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    Sure I am up to volume five☺
    No nothing to say.
    Alex
     
  14. exchemist Valued Senior Member

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    Oh I don't know.

    I've always thought Spike Milligan's final words, as inscribed (in Gaelic) on his tombstone, were rather good: "I told you I was ill!"

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  15. Bowser Namaste Valued Senior Member

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    Death can be sudden. To sit down and thoughtfully write your parting words seems like a good idea. It's an opportunity to reflect on your life. I suppose if you have nothing good to say about it, perhaps you shouldn't say anything.
     
  16. Gawdzilla Sama Valued Senior Member

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    "They know everything! Run!"
     
  17. Jeeves Valued Senior Member

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    Are you here, Chris? And Timothy? Yes? And Maria? You're all here?
    Who's minding the store!??
     
  18. Xelasnave.1947 Valued Senior Member

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    Lots of things seem like a good idea☺
    So what will you say?
    Offer advice? List regrets? List your moments of joy?

    Seems un necessary to me and hints at being a little full of oneself.

    Wouldnt a note cause more upset to those who are mourning?
    Alex
     
  19. Jeeves Valued Senior Member

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    Some people make a video, where they talk directly to their family or friends, maybe with a message for each one, or just to say how the dying person feels about/regards them, how he feels about leaving them, farewells, etc. That can be a nice memento mori. Widows/widowers are often reluctant to change the recording on their answering machine, because it's the only way they get to hear their lost spouse's voice; having a special recording might help them over that first awful part of mourning.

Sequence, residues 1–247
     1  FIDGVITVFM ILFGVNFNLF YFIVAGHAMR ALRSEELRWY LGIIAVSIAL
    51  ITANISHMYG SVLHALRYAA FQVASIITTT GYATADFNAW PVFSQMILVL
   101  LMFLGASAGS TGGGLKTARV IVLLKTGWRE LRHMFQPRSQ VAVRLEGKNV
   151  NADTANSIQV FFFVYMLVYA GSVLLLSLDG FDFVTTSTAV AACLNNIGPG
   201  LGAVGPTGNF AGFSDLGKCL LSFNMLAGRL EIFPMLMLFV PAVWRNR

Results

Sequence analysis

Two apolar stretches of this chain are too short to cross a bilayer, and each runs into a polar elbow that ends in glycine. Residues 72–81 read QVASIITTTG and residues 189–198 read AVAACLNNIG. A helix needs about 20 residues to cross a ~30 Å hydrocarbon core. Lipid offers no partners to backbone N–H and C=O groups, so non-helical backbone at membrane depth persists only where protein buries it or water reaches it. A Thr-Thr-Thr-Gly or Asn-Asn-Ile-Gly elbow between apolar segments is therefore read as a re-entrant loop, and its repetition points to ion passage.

A letter might have a similar effect: a means of keeping in touch a little while longer.
    It doesn't matter what you say, really - much more articulate people have written much better exit lines - what matters is whether you help the people who love you and will miss you.
     
  20. TheFrogger Banned Valued Senior Member

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    I wish I hadn't killed that man. ☺
     
  21. Bowser Namaste Valued Senior Member

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    I will tell them to drink, dance and have a party, to celebrate the life that was mine. Don't spill one tear. Though my life looked quite ordinary, it was quite amazing.
     
  22. TheFrogger Banned Valued Senior Member

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    I think I'll poop myself when I die.
     
  23. Jeeves Valued Senior Member

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    Revenge or fear? You can avoid that by not eating a heavy meal 6-8 hours prior to death. For most terminal patients, this is no problem, since they generally don't eat any solid food through their last several days. I don't know how they handle the problem for death row inmates - probably serve the last meal 10+ hours before the scheduled execution, so they'll come to the chamber already voided. Accident and murder victims, of course, can be in any stage of the digestive process, but if they're lucky, have no time to evacuate. If you plan your own exit, you can control that aspect of it, too.